A while back I picked up a Raspberry Pi 3 and turned it into a NAS and LAMP stack server (Apache, PostgreSQL, Mysql, PostGIS, and so on). Later I came across forums mentioning a new entry from Asus into this space called the Tinkerboard. Now I’m not going to go into an in-depth review since you can find those all over the Internet. However, I do want to mention a few things I’ve found and done that are very helpful. I like the board since it’s supports things like OpenCL and pound for pound is more powerful than the Pi 3. The two gig of RAM vs one with the Pi 3 makes it useful for more advanced processing.
One thing to keep in mind is that the board is still “new” and has a growing community. As such there are going to be some pains, such as not having as big a community as the Pi ecosystem. But things do appear to be getting better, and so far it’s proven to be more capable and, in some cases, more stable than my Pi 3.
So without much fanfare, here are my list of tips for using the Tinkerboard. You can find a lot more information online.
- Community – The Tinkerboard has a growing community of developers. My favorite forums are at the site run by Currys PC World. They’re active and you can find a lot of valuable information there.
- Package Management – Never, EVER, run apt-get dist-upgrade. Since it’s Debian, the usual apt-get update and apt-get upgrade are available. However, running dist-upgrade can cause you to loose hardware acceleration.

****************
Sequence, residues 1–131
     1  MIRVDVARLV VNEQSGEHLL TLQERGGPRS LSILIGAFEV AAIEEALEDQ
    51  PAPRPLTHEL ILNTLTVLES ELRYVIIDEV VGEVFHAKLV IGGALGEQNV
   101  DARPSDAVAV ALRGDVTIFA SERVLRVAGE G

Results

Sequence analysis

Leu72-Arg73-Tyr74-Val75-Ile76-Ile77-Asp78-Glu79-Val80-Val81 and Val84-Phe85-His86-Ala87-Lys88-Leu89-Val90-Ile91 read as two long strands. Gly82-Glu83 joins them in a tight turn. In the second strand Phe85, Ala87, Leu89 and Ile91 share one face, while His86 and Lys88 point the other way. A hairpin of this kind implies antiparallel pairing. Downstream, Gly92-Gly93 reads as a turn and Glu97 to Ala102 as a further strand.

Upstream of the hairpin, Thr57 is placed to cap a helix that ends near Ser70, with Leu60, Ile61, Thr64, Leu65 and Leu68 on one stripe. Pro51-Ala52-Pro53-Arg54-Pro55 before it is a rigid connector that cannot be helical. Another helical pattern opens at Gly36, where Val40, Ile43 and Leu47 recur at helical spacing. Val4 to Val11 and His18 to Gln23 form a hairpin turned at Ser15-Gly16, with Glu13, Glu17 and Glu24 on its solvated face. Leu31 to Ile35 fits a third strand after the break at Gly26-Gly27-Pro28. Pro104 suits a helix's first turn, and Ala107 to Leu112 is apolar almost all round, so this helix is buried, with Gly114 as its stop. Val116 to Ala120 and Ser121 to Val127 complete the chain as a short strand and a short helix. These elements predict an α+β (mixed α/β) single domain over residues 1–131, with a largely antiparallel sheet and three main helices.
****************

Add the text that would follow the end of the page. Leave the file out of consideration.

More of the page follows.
- OpenCL – One nice think about the Tinkerboard is that the Mali GPU has support for hardware-accelerated OpenCL. TinkerOS an incorrectly named directory in /etc/OpenCL which causes apps to not work by default. The quick fix is to change to /etc/OpenCL and run ln -s venders vendors. After doing this, tools like clinfo should properly pick up support.
- Driver updates – Asus is active on Github. At their rk-rootfs-build site there you can find updated drivers as they’re released. I recommend checking this site from time to time and downloading updated packages are they are released.
- Case – The Tinkerboard is the same size and mostly the same form-factor as the Raspberry Pi 3. I highly recommend you pick up a case with a built-in cooling fan since the board can get warm, even with the included heat sinks attached.
- You can follow this link and install Tensorflow for the Pi on the Tinkerboard. It’s currently not up-to-date, but much less annoying than building Tensorflow from scratch.
- SD Card – You would do well to follow my previous post about how to zero out a SD card before you format and install TinkerOS to it. This will save you a lot of time and pain. I will note that so far, my Tinkerboard holds up under heavy IO better than my Pi 3 does. I can do thinks like make -j 5 and it doesn’t lock up or corrupt the card.
I’ll have more to say about this board later.